The following is a guest post by Associate Editor Michael Sivilli about creating a book index.
As an Associate Editor, one of the questions I have to ask an author during the introductory call regarding the editorial/production process is: “Would you like to create the index for your book?” Over the years, the question has actually evolved into something more like: “Do you have any interest in creating your own index?” The reply is usually “No,” which is the answer for which any Associate Editor is hoping. However, occasionally an author expresses interest, whether it’s to actually create the index from scratch or to supply a list of key terms for the indexer to use while creating the index. The latter is not such a bother. The former, however, is highly not encouraged.
Indexers are a different breed from any other positions in the book publishing world. As much as I’ve always loved looking through indexes, whether for a particular term, name, place, etc., or just thumbing through one in a bookstore, I never understood how or why anyone would want the job of having to create such a seemingly complex document. To create a list of terms, ideas, names, etc., and then indicate every place in the book where each appears seems challenging at the least, tedious at the most. However, as I ultimately do, I’m sure indexers look at what they create as art, in some way. To me, that should pretty much sum up why creation of the index for a book should be left to the professional trained at such, not to the author.
In the few times when an author has opted to create his or her index, I have had the index looked over by a professional indexer, who in turn would contact the author with suggestions. Authors are usually very cooperative with this procedure. However, this ultimately adds to the production and manufacturing costs of the book.
Steve Ingle, President and CEO of WordCo Indexing Services, an indexing company that creates the indexes for most of the books I work on, shares the following comments as far as the advantages of letting a professional create the index for a book:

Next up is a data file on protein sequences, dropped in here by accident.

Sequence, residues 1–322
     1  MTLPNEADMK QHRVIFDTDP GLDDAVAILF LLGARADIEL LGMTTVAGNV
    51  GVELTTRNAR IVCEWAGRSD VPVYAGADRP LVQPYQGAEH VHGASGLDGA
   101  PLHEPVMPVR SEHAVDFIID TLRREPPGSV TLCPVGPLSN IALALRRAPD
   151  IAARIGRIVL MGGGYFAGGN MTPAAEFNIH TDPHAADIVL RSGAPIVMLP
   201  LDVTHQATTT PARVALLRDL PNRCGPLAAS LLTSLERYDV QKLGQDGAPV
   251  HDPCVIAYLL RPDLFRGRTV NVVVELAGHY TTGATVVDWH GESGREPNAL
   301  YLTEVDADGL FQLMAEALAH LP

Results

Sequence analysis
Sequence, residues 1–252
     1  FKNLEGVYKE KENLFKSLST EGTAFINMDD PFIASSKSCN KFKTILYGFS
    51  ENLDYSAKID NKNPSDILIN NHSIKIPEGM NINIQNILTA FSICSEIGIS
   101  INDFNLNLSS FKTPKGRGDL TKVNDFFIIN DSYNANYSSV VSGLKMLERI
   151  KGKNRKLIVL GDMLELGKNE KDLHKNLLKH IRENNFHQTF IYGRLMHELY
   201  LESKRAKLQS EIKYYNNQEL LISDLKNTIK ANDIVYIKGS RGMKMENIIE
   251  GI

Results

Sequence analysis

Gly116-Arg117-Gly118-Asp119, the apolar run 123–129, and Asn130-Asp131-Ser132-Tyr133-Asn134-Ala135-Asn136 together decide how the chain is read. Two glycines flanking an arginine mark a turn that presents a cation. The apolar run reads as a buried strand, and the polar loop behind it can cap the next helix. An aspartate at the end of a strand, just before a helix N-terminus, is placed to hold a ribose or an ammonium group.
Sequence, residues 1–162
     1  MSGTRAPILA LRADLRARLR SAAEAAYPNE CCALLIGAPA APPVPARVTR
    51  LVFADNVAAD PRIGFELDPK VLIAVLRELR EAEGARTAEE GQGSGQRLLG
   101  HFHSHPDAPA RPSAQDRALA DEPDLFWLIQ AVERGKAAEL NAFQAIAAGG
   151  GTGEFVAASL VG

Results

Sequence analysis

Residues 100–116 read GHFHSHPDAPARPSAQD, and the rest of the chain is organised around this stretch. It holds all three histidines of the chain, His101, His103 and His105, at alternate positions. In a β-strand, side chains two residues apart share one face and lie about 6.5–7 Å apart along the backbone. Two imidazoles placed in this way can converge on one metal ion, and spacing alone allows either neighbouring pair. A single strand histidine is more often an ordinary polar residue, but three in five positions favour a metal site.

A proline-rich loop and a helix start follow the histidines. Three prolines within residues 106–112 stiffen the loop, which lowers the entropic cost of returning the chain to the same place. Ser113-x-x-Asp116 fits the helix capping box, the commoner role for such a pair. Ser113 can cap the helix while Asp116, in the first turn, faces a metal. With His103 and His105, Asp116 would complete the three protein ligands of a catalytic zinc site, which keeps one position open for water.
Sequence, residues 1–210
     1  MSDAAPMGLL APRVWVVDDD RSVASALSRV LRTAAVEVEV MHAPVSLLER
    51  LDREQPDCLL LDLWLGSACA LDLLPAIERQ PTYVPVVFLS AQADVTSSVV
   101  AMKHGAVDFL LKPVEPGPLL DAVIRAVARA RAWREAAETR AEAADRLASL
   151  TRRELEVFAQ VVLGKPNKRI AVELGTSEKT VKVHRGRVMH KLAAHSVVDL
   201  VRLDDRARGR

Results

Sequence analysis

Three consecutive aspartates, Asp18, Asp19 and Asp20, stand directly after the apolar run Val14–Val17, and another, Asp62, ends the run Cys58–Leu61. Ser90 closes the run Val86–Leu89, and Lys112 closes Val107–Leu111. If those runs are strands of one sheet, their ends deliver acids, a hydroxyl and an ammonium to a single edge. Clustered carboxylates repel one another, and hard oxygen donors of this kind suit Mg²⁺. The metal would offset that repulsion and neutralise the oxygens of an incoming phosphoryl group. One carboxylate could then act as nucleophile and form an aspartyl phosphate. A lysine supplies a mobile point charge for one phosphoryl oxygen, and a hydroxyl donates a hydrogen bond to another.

When it comes to creating the index for a book, the author potentially has two advantages over the indexer: The author has a better knowledge of the book’s subject matter, and may have a better awareness of the book’s audience. The indexer, however, has several key advantages. For one thing, a trained indexer is an expert at constructing an index. Building an index involves knowing how to prioritize headings for inclusion in the index (especially if there are space limitations), formulate appropriate main-level index headings, being able to subdivide major topics into sensible subheadings, and create cross-references (e.g., the See’s and See also’s). Cross-references direct the user from synonymous terms to the relevant index headings, and from key terms to related headings. The indexer must also know how to utilize and fully exploit indexing software. Indexing software enables the indexer to sort the index correctly (i.e., letter-by-letter vs. word-by-word), format alphabetic groups, ignore prepositions and conjunctions for sorting of subheadings, etc. Sophisticated indexing software also allows complex search-and-replace features, enabling the indexer to make global changes (e.g., adding volume-number prefixes). The indexer also understands the publisher’s workflow and ensures that the index-creation process meshes smoothly with the publisher’s schedule. The experienced indexer knows many “tricks of the trade,” which enable him or her to complete the index quickly and efficiently. Finally, if the indexer makes an effort to familiarize him- or herself with the subject-matter and the book’s intended audience (possibly by communicating with the author directly), the indexer has the potential to create the best possible index for the book.
Professionally stated! Think about this when you get that phone call from your editor asking you if you have any interest in creating the index for your book. Think of the indexer as an assistant in a way, someone whose main goal is to help you make your book not more interesting, but an easier tool as far as accessibility to topics, ideas, and references. And also think of the editor, who only asks that you help make his or her job easier by accepting the fact that creating the index, like any other task, should be left to the professionals.
Thank you, Michael!
Michael Sivilli has been an Associate Editor with AMACOM, the books publishing division of the American Management Association, since 1988.